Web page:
Ancient statues from the period of the Kingdom of Van

Unveil the enigmatic past with a glimpse into the ancient world of Musasir, as we explore several life-sized human statues that whisper tales from as far back as the 7th or 6th centuries BCE. These sandstone sentinels, bearing the dignified mark of beards, were unearthed in what was once the bustling city of Ardini, of the Armenian Kingdom of Van—today’s modern Musasir in Iraq.

One such statue, a life-sized figure hewn from sandstone, stands as a silent testament to the artistry and culture of an era long vanished. Currently residing within the protective walls of The Sulaimaniya Museum in Iraq, this statue, although weathered by the relentless march of time, continues to hold a stoic presence. Most of its intricate details have been smoothed away by natural erosion, yet its stature endures, offering a tangible connection to the 8th century BCE.

This remarkable artifact, found near the village of Rowanduz in the modern Sulaimaniya Governorate of Iraq, is one of the precious few relics that provide us with a window into the soul of ancient Musasir. Its presence in the museum allows us to stand face-to-face with history, contemplating the lives and times of those who once gazed upon it as we do now.

Step into the realm of ancient history with the silent yet profound presence of a life-sized bearded male statue from the 7th or 6th centuries BCE, discovered in the heart of Kurdistan. This remarkable sculpture is part of the collection at the Erbil Civilization Museum, where it stands as a guardian of the past, inviting visitors to ponder the depth of history that Kurdistan encompasses.

The craftsmanship of the statue, despite the centuries that have worn it down, still conveys the dignity and solemnity of the era it represents. The detailed carving of the beard on this figure suggests the significance of facial hair as a symbol of wisdom and status during that time.

These stone sentries, found in the region, are more than just art; they are the storytellers of an ancient civilization that once thrived in what is now modern-day Kurdistan. Their discovery sheds light on the rich cultural and historical tapestry of the area, offering us a stone-carved link to our human ancestry.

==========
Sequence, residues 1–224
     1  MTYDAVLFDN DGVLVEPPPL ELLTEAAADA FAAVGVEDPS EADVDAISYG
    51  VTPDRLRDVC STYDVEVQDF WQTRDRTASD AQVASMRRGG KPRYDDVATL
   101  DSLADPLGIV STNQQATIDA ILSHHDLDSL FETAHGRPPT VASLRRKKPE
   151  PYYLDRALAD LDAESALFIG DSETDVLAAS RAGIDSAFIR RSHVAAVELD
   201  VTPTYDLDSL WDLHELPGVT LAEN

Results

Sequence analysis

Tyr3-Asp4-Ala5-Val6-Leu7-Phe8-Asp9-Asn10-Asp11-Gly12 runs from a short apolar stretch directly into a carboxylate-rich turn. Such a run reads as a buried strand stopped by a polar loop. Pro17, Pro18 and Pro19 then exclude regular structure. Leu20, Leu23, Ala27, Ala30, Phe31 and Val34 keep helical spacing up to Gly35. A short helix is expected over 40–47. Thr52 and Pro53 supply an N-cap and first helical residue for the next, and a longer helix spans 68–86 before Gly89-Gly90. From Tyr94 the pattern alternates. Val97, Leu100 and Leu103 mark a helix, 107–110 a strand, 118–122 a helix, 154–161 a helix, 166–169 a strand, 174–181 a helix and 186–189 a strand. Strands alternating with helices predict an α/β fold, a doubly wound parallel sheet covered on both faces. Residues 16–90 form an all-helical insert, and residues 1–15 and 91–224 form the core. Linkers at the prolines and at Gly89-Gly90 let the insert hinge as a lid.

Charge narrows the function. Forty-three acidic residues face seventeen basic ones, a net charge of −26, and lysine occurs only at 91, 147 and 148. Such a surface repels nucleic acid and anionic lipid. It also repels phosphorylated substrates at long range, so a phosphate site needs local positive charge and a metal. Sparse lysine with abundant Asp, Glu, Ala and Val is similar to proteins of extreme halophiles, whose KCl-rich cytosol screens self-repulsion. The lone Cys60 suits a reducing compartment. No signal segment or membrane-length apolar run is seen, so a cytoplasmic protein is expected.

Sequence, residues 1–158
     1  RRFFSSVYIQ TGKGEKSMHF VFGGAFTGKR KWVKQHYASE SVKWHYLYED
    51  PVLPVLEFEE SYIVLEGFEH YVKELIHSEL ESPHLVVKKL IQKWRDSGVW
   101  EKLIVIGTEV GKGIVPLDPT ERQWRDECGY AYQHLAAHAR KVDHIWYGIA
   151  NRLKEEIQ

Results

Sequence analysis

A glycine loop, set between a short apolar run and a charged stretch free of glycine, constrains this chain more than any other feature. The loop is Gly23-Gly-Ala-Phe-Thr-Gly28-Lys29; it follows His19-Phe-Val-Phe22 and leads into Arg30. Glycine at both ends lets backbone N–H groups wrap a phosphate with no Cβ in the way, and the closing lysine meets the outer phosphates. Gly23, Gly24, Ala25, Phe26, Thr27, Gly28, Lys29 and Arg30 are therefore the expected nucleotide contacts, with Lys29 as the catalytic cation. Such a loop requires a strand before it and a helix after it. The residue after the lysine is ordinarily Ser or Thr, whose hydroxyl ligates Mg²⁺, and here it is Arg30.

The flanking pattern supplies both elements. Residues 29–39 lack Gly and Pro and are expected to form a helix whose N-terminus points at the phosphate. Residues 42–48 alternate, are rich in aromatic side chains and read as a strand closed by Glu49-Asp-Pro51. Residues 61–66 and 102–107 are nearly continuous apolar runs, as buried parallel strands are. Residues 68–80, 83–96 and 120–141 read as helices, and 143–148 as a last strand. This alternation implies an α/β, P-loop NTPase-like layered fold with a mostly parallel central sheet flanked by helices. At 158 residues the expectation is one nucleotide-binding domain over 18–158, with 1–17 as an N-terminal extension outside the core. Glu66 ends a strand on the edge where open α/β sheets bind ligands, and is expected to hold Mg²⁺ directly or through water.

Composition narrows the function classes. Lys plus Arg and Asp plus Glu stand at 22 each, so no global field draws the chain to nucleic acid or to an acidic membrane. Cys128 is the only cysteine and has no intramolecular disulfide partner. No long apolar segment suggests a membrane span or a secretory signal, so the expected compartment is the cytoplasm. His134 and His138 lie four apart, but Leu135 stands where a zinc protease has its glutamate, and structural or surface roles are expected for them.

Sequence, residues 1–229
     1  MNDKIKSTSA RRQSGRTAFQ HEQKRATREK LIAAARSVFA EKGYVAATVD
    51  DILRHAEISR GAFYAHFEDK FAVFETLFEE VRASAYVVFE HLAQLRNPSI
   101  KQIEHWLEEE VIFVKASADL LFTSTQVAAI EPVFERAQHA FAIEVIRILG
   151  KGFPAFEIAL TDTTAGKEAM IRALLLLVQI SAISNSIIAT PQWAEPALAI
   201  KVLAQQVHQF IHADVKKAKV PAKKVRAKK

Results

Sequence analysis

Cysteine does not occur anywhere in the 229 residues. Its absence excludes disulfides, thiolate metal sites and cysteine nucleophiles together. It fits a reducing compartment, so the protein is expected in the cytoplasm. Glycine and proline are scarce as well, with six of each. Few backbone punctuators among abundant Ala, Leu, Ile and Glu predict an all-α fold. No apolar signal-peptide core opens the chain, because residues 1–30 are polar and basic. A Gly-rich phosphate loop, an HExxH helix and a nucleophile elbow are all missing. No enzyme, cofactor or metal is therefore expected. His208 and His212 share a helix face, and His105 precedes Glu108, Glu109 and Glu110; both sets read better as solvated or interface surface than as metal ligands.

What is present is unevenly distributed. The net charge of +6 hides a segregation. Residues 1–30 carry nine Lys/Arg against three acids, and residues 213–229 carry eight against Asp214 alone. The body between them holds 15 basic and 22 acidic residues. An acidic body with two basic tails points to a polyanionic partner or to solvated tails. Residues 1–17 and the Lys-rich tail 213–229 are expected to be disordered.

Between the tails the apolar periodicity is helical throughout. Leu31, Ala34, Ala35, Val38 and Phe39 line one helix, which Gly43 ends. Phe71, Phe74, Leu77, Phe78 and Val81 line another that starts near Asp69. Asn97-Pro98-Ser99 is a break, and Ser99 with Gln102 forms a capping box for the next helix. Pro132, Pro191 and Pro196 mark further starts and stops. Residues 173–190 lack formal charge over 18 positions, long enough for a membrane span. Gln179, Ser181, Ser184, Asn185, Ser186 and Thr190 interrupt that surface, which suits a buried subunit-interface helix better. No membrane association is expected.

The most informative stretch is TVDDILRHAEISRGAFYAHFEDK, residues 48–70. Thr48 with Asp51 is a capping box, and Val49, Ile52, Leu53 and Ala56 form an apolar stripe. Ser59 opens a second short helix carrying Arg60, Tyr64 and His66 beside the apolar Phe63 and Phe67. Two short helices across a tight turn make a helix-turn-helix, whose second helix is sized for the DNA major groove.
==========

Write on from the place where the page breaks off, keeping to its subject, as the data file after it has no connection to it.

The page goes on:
Behold the stoic gaze of the Bearded Man from Musasir, whose visage has traversed through millennia to reach us. This upper fragment of a sandstone statue, ensconced within The Sulaimaniya Museum of Iraq, was discovered near the village of Rowanduz in modern Sulaimani. The remnants of his facial features, though worn by time, still exude the wisdom and resilience of the era he represents.

The artifact’s robust material has withstood the test of time, preserving the essence of Musasir’s rich heritage. Despite the loss of its lower half, the statue’s head remains a profound emblem of the ancient world, offering insight into the artistic conventions and cultural significance of facial hair in that period.

This historical piece not only enriches the museum’s collection but also serves as a poignant reminder of the advanced craftsmanship of a civilization that flourished in the 8th century BCE. Visitors to the museum are graced with the opportunity to come face-to-face with history, contemplating the narrative of an ancient people through this sculpted stone relic.

Image Source: Tsovi Nare

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